“Military Justice and Article III”
The Supreme Court has long held that federal adjudication before judges lacking Article III’s salary and tenure protections is permissible today only in the three categories of cases in which the Court has previously allowed it — all cases before federal “territorial” courts; criminal prosecutions before military tribunals; and “public rights” adjudication before non-Article III judicial or administrative bodies. And although the Justices have repeatedly grappled with the outer bounds of this last category in recent years, they have generally accepted the first two as settled. Scholars have followed suit, with virtually all of the extensive literature in the field focusing on the specific scope of the public rights exception, or on the search for cross-cutting theories of Article III. As a result, it has been decades since any concerted effort has been undertaken to rationalize the scope of the military exception — whether to the Constitution’s text or purpose or to more prudential considerations. And although the similarly neglected territorial courts have remained largely untouched over the past quarter-century, the same period has witnessed significant expansions in the scope of both court-martial and military commission jurisdiction to encompass offenses and offenders not previously thought to be amenable to military, rather than civilian, trials. Although these expansions have been especially pronounced with regard to the scope of court-martial jurisdiction, they are also reflected in, for example, the en banc D.C. Circuit’s 2014 decision in the Al Bahlul Guantánamo military commission appeal. Given these expansions, the litigation that they have provoked, and the tensions they have placed upon the military exception, the time has long since passed for a reassessment of where and how military justice fits into our understanding of Article III.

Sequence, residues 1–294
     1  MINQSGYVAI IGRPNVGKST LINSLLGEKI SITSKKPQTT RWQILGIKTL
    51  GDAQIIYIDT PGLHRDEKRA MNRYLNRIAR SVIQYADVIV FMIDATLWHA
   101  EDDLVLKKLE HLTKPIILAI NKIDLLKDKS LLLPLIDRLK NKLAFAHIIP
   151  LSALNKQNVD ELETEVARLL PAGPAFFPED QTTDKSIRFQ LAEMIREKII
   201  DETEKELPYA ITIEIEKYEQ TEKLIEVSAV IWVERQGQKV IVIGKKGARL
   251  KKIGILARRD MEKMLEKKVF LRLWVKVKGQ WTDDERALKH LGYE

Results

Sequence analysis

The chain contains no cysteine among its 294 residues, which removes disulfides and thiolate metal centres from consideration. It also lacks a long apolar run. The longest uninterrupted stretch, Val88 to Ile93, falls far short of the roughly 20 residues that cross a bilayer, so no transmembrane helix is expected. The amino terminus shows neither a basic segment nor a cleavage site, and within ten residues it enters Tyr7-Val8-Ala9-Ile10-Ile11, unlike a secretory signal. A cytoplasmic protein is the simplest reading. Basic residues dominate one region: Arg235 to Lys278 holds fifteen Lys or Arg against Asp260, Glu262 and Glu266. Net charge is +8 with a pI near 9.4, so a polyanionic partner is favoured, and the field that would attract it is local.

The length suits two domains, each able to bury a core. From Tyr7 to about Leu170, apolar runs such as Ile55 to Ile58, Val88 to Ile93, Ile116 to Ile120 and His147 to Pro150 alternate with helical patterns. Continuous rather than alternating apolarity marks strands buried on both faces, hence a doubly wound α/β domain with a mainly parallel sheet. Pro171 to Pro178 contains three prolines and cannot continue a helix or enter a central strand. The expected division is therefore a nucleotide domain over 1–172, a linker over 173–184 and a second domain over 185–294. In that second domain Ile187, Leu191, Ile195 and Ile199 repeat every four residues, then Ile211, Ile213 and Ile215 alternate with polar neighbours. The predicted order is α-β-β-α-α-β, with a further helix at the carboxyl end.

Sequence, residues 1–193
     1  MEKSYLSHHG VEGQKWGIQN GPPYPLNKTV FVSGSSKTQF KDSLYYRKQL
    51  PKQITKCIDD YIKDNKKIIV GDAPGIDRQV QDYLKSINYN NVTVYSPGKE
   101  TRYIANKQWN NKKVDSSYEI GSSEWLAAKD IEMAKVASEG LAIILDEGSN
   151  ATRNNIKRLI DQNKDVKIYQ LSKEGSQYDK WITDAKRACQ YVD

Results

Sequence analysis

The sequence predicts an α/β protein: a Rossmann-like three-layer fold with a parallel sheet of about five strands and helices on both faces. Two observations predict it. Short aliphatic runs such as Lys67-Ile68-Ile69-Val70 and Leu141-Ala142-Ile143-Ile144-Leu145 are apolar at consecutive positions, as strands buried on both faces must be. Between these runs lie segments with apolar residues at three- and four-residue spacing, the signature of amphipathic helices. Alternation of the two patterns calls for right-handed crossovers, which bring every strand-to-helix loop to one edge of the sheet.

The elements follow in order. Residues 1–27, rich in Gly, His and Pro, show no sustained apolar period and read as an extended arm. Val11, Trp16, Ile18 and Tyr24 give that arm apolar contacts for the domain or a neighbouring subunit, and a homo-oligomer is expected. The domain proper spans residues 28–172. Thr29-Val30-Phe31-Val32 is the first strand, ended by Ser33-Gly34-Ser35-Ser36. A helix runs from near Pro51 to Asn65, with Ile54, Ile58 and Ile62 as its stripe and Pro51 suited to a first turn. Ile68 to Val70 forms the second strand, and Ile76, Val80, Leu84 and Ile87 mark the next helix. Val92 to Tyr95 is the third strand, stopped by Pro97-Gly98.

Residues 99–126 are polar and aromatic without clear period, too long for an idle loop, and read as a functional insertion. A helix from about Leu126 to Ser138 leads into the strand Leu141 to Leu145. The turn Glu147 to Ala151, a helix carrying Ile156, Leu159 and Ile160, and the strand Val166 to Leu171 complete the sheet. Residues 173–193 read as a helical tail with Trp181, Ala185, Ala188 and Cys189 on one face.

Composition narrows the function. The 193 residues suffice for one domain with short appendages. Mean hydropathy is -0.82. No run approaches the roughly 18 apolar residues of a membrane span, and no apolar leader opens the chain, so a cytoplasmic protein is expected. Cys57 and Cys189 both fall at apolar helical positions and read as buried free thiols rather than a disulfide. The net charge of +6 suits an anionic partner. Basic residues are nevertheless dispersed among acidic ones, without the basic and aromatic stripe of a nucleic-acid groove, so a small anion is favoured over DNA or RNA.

Cleveland State Law Review Symposium - "History and the Meaning of the Constitution," co-sponsored by the Federalist Society
- Patrick Charles, "History as a Guidepost to Interpreting the Constitution"
- Sheldon Gelman, "Court-packing and the 'Switch in Time': Recent Developments"
- Scott Gerber, "Liberal Originalism: The Declaration of Independence and Constitutional Interpretation"
- Lee Strang, "Originalism's Promise and Limits"
Joy Cumming is a Professor of Education in the Faculty of Education and Arts at the Australian Catholic University, leading a research program on Assessment, Evaluation and Student Learning within the Learning Sciences Institute Australia. Originally a secondary school teacher in English and Mathematics, she has been involved in educational research for nearly 40 years.
The origins of Australian and US law from the English system should indicate that the systems are similar. Both have statute and common law, both make assumptions of innocence and pursue adversarial approaches to establishing guilt or liability. In practice, especially for education law, four core differences, three from Constitutional law and one from public law, frame the impact of both education praxis and legal challenges. This presentation will provide an overview of Australian law, and differences from US law, with examples of the impact of the differences on education law challenges: Individual rights; Reserve powers; the Establishment Clause, and the Briginshaw principle for burden of proof.